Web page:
Apple

tripwire.com

Apple says its Walkie-Talkie app could be exploited to spy on iPhones

Apple has chosen to temporarily disable a key feature of the Apple Watch after a critical vulnerability was discovered that could allow someone to eavesdrop on another person without their knowledge.

Read more in my article on the Tripwire State of Security blog.

Smashing Security podcast #132: CBP cyber attack, an iPhone privacy boost, and Twitter list abuse

United States Customs and Border Protection had sensitive data stolen, but the hackers didn’t have to breach its network. Apple has ambitious plans to make iPhone users safer online. And trolls are using Twitter lists to target their victims.

All this and much more is discussed in the latest edition of the award-winning “Smashing Security” podcast by computer security veterans Graham Cluley and Carole Theriault, joined this week by Maria Varmazis.

Fingerprinting iPhones with the built-in gyroscope

Some rather ingenious researchers have found a way to unique identify iPhones and iPads by examining data gathered from a device’s accelerometer, gyroscope and magnetometer sensors.

Smashing Security podcast #125: Pick of the thief!

WannaCry’s “accidental hero” pleads guilty to malware charges, Samsung and Nokia have fingerprint fumbles, the NCSC publishes a list of 100,000 dreadful passwords, and Apple finds itself at the centre of an identity mix-up.

All this and much more is discussed in the latest edition of the award-winning “Smashing Security” podcast by computer security veterans Graham Cluley and Carole Theriault, joined this week by John Hawes.

The man suing Apple over two-factor authentication has ‘previous’

Many have been baffled by Jay Brodsky’s legal action against Apple, including his claim that it takes between two and five minutes for him to pass the 2FA security check.

But things began to fall a little more into place when you discover it’s not the first time he has sued Apple.

Apple sued over death blamed on faulty iPad battery

Was iPad’s Lithium-ion battery to blame for apartment fire that killed 64-year-old man two years ago?

Apple sued because two-factor authentication… oh, I give up

An American man is bringing a class action against Apple, complaining that two-factor authentication (2FA) on an iPhone or Mac takes too much time.

Smashing Security podcast #115: Love, Nests, and is 2FA destroying the world?

Is two factor authentication such a pain in the rear end that it’s costing the economy millions? Do you feel safe having a Google Nest in your home? And don’t get caught by a catfisher this Valentine’s Day.

All this and much more is discussed in the latest edition of the award-winning “Smashing Security” podcast by computer security veterans Graham Cluley and Carole Theriault, joined this week by B J Mendelson.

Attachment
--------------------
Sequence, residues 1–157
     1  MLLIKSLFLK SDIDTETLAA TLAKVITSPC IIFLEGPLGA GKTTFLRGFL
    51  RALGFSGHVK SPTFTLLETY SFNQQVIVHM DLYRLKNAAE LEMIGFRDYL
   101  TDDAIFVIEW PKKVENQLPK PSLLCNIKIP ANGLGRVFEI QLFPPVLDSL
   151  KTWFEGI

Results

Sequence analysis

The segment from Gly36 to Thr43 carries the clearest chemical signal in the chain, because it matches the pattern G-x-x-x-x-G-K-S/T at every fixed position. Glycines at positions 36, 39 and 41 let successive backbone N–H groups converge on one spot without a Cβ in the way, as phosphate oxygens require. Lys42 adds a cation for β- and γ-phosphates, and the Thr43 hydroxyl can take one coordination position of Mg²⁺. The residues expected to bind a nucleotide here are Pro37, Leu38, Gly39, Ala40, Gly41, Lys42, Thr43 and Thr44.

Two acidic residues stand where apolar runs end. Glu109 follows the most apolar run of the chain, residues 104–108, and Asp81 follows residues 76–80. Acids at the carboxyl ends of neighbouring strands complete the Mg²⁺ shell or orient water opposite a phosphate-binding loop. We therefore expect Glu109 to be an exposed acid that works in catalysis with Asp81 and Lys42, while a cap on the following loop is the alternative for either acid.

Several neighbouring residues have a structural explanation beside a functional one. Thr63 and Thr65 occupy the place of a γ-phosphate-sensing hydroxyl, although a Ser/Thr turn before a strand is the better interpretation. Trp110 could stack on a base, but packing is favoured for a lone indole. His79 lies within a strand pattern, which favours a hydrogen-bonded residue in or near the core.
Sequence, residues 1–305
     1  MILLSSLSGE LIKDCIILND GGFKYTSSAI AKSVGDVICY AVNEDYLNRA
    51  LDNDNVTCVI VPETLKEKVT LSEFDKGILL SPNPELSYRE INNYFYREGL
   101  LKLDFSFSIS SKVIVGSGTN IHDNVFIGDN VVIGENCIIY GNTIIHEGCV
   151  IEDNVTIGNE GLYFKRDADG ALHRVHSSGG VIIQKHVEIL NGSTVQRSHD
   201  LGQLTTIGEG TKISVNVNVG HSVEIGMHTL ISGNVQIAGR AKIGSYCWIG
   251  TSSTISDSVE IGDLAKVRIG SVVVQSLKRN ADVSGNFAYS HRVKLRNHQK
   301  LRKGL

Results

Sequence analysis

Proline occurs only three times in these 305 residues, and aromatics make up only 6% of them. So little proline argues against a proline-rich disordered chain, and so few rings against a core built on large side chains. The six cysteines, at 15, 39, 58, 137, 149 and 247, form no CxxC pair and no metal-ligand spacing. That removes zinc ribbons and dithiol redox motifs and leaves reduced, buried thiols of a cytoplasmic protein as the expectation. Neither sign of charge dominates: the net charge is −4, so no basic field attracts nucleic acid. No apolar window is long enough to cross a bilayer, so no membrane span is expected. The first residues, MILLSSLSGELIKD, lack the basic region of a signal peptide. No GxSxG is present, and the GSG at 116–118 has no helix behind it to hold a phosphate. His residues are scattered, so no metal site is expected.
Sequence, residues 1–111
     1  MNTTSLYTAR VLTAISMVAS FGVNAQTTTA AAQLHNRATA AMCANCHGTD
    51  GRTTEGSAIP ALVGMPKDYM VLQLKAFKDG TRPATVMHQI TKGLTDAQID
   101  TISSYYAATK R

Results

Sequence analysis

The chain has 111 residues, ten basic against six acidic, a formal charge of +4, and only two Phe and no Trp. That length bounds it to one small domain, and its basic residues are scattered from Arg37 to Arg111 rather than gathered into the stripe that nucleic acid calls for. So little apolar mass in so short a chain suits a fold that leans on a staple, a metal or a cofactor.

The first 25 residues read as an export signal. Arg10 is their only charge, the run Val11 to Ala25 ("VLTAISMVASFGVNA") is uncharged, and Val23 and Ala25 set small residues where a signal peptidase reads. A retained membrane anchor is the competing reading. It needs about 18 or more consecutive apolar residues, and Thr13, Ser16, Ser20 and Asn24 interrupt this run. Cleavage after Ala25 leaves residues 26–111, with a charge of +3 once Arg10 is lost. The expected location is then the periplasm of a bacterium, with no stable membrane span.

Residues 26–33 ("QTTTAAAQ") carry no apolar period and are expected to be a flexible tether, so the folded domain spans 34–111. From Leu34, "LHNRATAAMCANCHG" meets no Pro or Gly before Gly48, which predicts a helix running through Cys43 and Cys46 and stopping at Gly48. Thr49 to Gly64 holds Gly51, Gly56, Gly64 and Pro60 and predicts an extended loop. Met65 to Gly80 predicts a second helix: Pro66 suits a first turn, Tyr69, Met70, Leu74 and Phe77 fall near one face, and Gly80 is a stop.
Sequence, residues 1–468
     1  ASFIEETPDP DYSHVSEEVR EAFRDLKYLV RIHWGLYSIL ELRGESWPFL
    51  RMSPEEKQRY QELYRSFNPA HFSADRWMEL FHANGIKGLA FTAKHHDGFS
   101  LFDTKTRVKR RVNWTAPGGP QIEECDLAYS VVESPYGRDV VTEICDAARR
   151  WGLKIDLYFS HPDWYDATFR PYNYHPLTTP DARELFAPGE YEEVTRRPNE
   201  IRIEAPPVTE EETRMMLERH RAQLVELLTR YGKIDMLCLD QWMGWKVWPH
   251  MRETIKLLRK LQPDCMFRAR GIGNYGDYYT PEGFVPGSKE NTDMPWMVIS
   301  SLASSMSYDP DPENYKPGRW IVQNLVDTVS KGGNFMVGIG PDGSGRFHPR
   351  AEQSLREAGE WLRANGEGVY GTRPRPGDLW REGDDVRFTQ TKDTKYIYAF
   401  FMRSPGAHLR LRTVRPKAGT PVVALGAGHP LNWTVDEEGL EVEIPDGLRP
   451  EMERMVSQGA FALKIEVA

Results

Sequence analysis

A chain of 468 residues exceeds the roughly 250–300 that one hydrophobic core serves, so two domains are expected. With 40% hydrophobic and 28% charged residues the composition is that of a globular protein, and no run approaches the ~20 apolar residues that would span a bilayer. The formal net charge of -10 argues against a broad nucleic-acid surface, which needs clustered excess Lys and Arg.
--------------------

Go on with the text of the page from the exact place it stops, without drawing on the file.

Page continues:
bitdefender.com

Update your iOS devices now against the FaceTime eavesdropping bug

Apple has finally issued an update to iOS, iOS 12.1.4, which fixes the high profile problem which allowed FaceTime callers to listen and even see you *before* you answered an incoming call.

Read more in my article on the Hot for Security blog.

Smashing Security podcast #113: FaceTime, Facebook, faceplant

FaceTime bug allows callers to see and hear you *before* you answer the phone, Facebook’s Nick Clegg tries to convince us the social network is changing its ways, and IoT hacking is big in Japan.

All this and much more is discussed in the latest edition of the award-winning “Smashing Security” podcast by computer security veterans Graham Cluley and Carole Theriault, joined this week by John Hawes from AMTSO.

Exposed! Facebook pays teenagers to install app that harvests personal data

Since 2016 Facebook has been paying users aged 13-35 up to $20 per month to install an app which has almost unlimited limitless access to their smartphones and most sensitive data.

Apple races to fix FaceTime bug that lets you spy on someone *before* they pick up your call

Don’t panic, but a bug has been found in FaceTime that could allow someone to spy on your conversation – and even see through your iPhone’s front-facing camera – before you answer an incoming call.

Supermicro says independent investigation found no spy chips on its motherboards

An independent audit has found no evidence that malicious chips were planted on Supermicro’s motherboards, debunking Bloomberg claims that servers at Amazon and Apple were being spied upon by China.

Smashing Security podcast #107: Sextorting the US army, and a Touch ID scam

Fitness apps exploit TouchID through a sneaky user interface trick, tech giants claim to have a plan to banish passwords, and you won’t believe who was behind a sextortion scam that targeted over 400 members of the US military.

All this and much much more is discussed in the latest edition of the “Smashing Security” podcast by computer security veterans Graham Cluley and Carole Theriault, joined this week by ferret-loving ethical hacker Zoë Rose.

Fitness-tracking apps caught misusing Touch ID to steal money from iPhone users

Two iOS fitness apps have been found exploiting a sneaky user interface trick to fool users into making unwanted in-app purchases with Touch ID.

bitdefender.com

Apple says nothing as Apple ID accounts mysteriously locked down

Has someone been trying to hack into a large number of Apple ID accounts?

Read more in my article on the Hot for Security blog.